Mentions: Immunoblotting of gill samples from A. testudineus exposed to a progressive increase in salinity from freshwater to seawater using custom-made anti-Nka α1a or anti-Nka α1b monoclonal antibodies confirmed that Nka α 1a was a freshwater isoform while Nka α 1b was a seawater isoform. There was a significant decrease in the protein abundance of Nka α 1a in the gills of fish exposed to salinity 25 (day 5) and to seawater (day 6; Figure 8). By contrast, there was a significant increase in the protein abundance of Nka α 1b in the gills of these experimental fish (Figure 9). Overall, there was a significant increase in the protein abundance of Nka α-subunit, as demonstrated by the pan-specific anti-NKA (α 5) antibody, in gills of A. testudineus acclimated progressively from freshwater to seawater (Figure 10).

Bottom Line: Seawater acclimation apparently activated both the extrinsic and intrinsic pathways, as reflected by significant increases in branchial caspase-8 and caspase-9 activities.The involvement of the intrinsic pathway was confirmed by the significant increase in branchial mRNA expression of bax between day 4 (salinity 20) and day 6 (seawater).Western blotting results revealed the presence of a freshwater Na(+)/K(+)-ATPase (Nka) α-isoform, Nka α1a, and a seawater isoform, Nka α1b, the protein abundance of which decreased and increased, respectively, during seawater acclimation.

View Article: PubMed Central - PubMed

Affiliation: Department of Biological Science, National University of Singapore Kent Ridge, Singapore, Singapore.

ABSTRACT
This study aimed to test the hypothesis that branchial osmoregulatory acclimation involved increased apoptosis and replacement of mitochdonrion-rich cells (MRCs) in the climbing perch, Anabas testudineus, during a progressive acclimation from freshwater to seawater. A significant increase in branchial caspase-3/-7 activity was observed on day 4 (salinity 20), and an extensive TUNEL-positive apoptosis was detected on day 5 (salinity 25), indicating salinity-induced apoptosis had occurred. This was further supported by an up-regulation of branchial mRNA expression of p53, a key regulator of cell cycle arrest and apoptosis, between day 2 (salinity 10) and day 6 (seawater), and an increase in branchial p53 protein abundance on day 6. Seawater acclimation apparently activated both the extrinsic and intrinsic pathways, as reflected by significant increases in branchial caspase-8 and caspase-9 activities. The involvement of the intrinsic pathway was confirmed by the significant increase in branchial mRNA expression of bax between day 4 (salinity 20) and day 6 (seawater). Western blotting results revealed the presence of a freshwater Na(+)/K(+)-ATPase (Nka) α-isoform, Nka α1a, and a seawater isoform, Nka α1b, the protein abundance of which decreased and increased, respectively, during seawater acclimation. Immunofluorescence microscopy revealed the presence of two types of MRCs distinctly different in sizes, and confirmed that the reduction in Nka α1a expression, and the prominent increases in expression of Nka α1b, Na(+):K(+):2Cl(-) cotransporter 1, and cystic fibrosis transmembrane conductance regulator Cl(-) channel coincided with the salinity-induced apoptotic event. Since modulation of existing MRCs alone could not have led to extensive salinity-induced apoptosis, it is probable that some, if not all, freshwater-type MRCs could have been removed through increased apoptosis and subsequently replaced by seawater-type MRCs in the gills of A. testudineus during seawater acclimation.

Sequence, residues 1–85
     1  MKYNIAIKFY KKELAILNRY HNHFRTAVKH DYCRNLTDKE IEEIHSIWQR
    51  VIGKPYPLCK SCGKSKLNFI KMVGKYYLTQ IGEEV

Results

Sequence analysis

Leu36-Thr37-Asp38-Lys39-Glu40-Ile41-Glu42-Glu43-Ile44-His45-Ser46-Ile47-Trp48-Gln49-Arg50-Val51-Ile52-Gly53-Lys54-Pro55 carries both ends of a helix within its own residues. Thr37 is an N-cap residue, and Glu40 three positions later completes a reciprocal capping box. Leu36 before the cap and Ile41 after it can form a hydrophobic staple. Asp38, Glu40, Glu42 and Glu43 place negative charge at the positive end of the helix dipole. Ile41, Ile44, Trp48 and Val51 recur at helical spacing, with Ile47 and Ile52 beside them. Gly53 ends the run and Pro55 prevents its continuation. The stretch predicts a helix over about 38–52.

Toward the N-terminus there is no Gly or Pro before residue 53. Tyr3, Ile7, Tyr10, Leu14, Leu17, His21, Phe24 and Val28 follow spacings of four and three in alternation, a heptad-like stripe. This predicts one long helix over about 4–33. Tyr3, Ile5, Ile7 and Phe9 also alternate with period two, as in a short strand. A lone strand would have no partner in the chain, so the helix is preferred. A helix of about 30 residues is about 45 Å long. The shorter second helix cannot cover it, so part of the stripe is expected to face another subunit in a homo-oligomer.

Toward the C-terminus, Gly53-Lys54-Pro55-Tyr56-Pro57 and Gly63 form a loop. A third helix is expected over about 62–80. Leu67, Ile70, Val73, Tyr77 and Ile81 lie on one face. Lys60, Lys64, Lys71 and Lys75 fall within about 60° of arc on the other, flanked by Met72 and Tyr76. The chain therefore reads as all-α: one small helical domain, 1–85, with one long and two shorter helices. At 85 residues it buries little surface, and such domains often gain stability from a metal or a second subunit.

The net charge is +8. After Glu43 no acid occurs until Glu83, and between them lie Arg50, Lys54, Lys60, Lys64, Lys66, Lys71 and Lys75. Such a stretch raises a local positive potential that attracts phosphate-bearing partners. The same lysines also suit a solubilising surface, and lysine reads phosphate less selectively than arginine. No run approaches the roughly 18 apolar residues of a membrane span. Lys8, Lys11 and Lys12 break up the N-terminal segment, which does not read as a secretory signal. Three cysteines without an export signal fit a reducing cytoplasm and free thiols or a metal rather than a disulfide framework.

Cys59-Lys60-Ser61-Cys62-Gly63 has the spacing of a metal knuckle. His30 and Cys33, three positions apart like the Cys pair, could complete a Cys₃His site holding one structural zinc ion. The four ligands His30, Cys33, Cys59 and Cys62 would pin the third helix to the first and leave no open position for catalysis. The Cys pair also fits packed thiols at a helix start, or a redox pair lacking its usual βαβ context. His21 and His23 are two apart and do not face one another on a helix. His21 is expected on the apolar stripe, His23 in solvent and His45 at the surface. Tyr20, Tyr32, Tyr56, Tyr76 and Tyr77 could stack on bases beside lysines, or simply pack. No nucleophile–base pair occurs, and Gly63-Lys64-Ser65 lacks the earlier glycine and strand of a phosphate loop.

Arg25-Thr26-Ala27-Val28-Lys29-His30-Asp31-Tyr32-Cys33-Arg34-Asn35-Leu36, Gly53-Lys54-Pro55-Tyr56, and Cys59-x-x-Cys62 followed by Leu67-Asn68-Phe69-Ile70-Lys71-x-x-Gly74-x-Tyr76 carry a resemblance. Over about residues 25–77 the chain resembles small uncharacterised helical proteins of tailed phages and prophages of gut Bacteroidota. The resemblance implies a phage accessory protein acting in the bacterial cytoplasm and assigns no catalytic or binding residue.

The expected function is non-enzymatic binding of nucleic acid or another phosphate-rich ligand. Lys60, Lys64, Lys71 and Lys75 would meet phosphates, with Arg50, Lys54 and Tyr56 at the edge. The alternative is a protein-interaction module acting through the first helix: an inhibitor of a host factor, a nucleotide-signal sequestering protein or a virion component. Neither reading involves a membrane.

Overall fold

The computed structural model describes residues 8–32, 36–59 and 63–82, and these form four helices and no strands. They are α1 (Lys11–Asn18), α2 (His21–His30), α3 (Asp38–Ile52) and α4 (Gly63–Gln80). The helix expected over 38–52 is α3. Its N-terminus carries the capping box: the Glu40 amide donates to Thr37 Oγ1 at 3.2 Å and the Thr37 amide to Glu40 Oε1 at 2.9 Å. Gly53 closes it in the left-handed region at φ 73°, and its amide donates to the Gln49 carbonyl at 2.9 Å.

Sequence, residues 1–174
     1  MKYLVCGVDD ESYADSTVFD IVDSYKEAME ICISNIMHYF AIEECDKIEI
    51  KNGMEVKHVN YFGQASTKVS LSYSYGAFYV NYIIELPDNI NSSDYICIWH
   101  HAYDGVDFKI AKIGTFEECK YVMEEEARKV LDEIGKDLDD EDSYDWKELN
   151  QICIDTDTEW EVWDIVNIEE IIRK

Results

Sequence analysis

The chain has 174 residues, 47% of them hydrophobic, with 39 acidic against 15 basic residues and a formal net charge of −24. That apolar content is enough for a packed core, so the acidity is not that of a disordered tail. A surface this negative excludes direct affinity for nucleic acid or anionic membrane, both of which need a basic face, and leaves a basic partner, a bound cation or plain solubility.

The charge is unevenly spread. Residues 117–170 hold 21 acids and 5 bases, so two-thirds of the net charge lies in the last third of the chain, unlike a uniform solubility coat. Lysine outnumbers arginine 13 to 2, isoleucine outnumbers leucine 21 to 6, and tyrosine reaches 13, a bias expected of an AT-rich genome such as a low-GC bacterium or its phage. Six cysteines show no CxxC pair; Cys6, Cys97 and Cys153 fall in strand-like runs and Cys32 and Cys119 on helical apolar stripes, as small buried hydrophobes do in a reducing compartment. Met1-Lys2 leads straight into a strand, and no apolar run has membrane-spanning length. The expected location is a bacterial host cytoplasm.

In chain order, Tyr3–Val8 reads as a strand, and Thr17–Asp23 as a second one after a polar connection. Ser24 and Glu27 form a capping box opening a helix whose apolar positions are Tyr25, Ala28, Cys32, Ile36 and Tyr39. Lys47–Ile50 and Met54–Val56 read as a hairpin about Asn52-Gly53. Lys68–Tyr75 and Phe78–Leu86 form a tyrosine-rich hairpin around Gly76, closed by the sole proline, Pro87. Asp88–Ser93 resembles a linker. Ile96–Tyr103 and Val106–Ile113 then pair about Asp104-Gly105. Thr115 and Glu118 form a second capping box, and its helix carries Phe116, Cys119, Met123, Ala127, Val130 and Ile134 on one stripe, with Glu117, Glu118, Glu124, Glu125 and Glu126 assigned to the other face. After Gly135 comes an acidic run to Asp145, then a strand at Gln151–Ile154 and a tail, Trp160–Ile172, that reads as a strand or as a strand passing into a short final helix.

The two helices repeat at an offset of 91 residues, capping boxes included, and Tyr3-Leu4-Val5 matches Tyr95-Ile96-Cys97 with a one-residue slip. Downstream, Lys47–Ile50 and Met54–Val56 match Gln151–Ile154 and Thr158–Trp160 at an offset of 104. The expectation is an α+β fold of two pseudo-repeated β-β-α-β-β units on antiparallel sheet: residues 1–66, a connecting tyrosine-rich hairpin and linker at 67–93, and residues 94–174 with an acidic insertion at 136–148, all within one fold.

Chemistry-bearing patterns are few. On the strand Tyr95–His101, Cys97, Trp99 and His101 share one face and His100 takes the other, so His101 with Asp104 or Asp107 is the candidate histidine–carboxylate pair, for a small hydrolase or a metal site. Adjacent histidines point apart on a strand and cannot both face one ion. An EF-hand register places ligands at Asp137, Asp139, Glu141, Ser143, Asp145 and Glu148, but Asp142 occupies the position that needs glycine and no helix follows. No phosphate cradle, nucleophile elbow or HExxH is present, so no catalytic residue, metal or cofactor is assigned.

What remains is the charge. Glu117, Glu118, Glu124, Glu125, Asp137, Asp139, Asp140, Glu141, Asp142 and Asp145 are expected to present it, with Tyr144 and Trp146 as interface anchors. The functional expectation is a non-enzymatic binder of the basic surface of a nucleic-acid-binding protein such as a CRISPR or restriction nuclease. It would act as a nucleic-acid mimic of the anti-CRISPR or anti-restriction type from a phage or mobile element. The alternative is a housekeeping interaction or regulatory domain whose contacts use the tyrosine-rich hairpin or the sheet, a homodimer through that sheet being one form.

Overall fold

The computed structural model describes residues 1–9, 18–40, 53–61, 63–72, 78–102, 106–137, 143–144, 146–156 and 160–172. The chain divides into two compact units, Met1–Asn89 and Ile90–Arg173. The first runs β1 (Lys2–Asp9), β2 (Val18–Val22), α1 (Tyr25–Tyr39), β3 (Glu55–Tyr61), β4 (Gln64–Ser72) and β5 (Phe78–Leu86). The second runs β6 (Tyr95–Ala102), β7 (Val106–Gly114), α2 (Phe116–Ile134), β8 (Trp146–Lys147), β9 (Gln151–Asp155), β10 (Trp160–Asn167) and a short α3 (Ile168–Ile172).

No MeSH data available.


Related in: MedlinePlus